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An appeal for more judicial primaries

Voters can check political party leaders to strike a better balance on the bench.

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July is when New York political parties file petitions to place candidates’ names on the ballots for state and local offices. In recent years, leaders of the Independence, Conservative and Working Families parties have used their control of about 14 percent of the November vote to extract promises from major party leaders on the assumption that because major party candidates rarely get more than 45 percent on each of their party lines, no candidate can win without the blessing of minor party bosses. But when it comes to judicial candidates, they might be wrong.

Before I retired in 2010, I spent nearly 40 years in the legal profession in Suffolk County, including 21 years as a District Court judge. From my experience, Long Island is fortunate that voters, not political leaders, have the final word in electing judges for at least four of our most important trial courts. News reporting on judicial races usually fails to note the possibility of judicial primary elections for all races for district, county, surrogate and family courts.

In 1989, the Brookhaven Republican Party designated for District Court judge a Conservative Party leader who had little or no experience in the practice of law. The Conservative Party in turn cross-endorsed all Republican candidates for town offices. The judicial candidate did not screen with the Suffolk Bar Association, as most judicial candidates do, and it found him “not qualified.”

I decided to attempt a Republican Party primary based on my then-20 years of experience as an Army captain in the Judge Advocate General Corps in Vietnam, Suffolk County assistant district attorney and law assistant to two judges. However, several party insiders warned that I was wasting my time because no one cared who was elected to District Court. More than 400 Brookhaven Republican committee members were expected to support my opponent, although several had told me they would support me if their (political) jobs were not at risk.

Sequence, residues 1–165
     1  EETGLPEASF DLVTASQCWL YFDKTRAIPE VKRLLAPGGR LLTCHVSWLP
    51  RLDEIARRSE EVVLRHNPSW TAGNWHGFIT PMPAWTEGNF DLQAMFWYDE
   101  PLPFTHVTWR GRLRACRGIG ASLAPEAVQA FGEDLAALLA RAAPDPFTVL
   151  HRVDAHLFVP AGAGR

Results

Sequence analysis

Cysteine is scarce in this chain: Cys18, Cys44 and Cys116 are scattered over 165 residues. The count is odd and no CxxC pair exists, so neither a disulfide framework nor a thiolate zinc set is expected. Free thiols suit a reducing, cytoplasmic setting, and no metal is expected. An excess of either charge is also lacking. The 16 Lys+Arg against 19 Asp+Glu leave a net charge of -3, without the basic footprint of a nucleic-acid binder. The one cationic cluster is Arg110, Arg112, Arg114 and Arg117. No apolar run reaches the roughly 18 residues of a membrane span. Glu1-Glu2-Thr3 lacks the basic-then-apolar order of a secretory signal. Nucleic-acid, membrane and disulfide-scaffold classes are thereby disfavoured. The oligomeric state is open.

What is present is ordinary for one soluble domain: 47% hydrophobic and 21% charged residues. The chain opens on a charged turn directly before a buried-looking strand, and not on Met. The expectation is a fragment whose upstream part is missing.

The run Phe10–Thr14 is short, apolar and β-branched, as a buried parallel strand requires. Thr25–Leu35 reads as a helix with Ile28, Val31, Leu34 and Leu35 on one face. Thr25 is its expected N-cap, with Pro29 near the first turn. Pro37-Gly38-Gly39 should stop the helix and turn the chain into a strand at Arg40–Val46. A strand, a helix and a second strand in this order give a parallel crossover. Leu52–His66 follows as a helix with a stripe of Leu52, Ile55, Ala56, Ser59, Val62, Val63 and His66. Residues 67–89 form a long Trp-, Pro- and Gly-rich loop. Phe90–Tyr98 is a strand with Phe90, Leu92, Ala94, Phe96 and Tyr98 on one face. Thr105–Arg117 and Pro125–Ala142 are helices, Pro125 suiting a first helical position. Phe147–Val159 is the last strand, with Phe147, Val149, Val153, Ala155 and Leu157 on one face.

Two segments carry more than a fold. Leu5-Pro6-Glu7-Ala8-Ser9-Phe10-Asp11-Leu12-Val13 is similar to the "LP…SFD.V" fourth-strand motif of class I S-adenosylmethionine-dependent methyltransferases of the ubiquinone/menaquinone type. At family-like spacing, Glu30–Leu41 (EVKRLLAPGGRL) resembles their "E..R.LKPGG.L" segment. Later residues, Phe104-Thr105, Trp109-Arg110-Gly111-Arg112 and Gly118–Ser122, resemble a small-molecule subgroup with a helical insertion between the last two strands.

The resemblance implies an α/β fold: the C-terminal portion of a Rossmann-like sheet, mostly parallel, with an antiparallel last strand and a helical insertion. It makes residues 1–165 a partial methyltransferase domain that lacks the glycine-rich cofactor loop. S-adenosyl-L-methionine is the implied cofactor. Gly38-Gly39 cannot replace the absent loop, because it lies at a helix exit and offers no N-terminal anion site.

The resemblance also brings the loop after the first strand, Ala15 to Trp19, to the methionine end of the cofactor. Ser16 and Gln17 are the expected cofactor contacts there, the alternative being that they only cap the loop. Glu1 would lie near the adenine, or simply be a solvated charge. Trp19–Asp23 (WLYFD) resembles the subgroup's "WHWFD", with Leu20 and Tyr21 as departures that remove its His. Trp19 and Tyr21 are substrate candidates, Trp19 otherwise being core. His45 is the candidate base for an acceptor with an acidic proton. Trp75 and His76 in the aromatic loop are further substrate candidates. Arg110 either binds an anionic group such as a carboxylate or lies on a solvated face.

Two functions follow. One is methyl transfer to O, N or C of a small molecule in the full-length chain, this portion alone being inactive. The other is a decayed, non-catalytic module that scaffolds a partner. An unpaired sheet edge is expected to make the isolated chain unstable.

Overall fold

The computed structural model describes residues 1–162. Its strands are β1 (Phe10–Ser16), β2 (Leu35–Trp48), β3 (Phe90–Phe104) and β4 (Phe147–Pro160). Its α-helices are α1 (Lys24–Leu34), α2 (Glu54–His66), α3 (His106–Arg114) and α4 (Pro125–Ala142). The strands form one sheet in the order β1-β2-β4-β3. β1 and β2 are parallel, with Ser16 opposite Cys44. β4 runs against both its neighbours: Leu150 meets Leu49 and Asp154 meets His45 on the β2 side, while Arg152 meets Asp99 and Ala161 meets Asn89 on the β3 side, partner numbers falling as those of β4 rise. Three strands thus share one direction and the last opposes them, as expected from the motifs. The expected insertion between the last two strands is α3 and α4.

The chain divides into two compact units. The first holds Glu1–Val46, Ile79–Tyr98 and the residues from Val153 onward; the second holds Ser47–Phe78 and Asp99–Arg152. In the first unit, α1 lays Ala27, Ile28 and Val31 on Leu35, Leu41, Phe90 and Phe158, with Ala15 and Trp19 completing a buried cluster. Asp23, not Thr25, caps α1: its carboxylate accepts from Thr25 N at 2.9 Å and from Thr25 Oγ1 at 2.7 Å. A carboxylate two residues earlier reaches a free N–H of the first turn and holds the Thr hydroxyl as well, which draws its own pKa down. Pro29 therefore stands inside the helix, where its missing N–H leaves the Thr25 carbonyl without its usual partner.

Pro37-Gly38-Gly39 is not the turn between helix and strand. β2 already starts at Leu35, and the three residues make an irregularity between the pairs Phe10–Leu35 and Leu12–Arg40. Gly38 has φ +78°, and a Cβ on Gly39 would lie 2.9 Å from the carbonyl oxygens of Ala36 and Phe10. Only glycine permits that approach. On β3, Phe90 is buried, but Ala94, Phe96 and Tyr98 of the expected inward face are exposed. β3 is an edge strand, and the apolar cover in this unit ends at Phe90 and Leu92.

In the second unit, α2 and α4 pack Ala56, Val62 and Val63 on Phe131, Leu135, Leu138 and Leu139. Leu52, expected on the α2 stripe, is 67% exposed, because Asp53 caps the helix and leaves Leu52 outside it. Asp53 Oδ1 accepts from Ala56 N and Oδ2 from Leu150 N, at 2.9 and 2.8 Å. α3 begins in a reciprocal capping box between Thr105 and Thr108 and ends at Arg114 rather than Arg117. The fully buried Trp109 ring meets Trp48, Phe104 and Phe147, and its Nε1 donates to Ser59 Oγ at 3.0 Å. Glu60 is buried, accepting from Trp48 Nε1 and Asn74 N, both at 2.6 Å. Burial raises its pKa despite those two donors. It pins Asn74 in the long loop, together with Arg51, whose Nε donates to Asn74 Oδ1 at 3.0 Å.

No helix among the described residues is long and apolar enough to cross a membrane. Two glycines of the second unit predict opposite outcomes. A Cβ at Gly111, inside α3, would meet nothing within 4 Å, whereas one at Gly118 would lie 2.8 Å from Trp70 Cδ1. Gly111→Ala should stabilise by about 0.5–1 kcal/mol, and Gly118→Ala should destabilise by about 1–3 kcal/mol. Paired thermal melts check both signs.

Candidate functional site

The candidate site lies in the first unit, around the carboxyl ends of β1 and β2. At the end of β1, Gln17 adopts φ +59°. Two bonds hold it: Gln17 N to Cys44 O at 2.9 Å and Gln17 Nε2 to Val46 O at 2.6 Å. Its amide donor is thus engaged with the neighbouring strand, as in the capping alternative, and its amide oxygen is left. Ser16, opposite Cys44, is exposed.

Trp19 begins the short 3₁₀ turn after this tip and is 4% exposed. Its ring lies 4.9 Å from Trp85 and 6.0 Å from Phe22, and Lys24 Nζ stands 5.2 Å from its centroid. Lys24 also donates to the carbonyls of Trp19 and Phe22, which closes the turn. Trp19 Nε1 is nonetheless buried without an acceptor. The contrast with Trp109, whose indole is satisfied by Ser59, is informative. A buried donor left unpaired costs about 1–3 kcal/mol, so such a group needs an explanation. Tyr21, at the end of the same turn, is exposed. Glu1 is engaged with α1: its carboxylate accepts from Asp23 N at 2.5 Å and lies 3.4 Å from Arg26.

The law required more than 1,200 valid signatures to get on the ballot. I had about 30 friends, neighbors and relatives help gather signatures, and after more than 300 volunteer hours, we filed more than 2,100 signatures, avoiding legal challenges.

On primary day, I won by slightly more than 100 votes, and during the years after 1989, I noted that political leaders paid more attention to professional qualifications in selecting judges. Whenever I came up for re-election, although a few leaders labeled me a “troublemaker,” the Republican and Conservative parties supported me.

The last time I ran in 2007, I noted the leader of the Independence Party, Frank McKay, was playing the party’s accustomed game of withholding the party’s ballot line from candidates of both major parties until his political demands were met. For instance, McKay required the Republican and Democratic parties to have volunteer notaries carry the Independence Party’s petitions with its own candidates’ names before he would announce his choices.

Fortunately, judicial candidates are not required to obtain a “permission slip” — the so-called Wilson-Pakula certificate — from any party leader before running in a minor party primary. So I obtained enough voter signatures and then campaigned door to door, visiting members of the minor party, stressing my judicial experience.

The bottom line: Political leaders do not have unlimited power to select judges without regard to qualifications, at least for the four trial courts closest to the people. Through judicial primaries, qualified candidates and voters who care can correct the leaders’ mistakes.

We learned in high school that one great advantage of our governmental system is the existence of checks and balances. Thank God, some of that still survives.

Kevin J. Crowley is a retired Suffolk County District Court judge.

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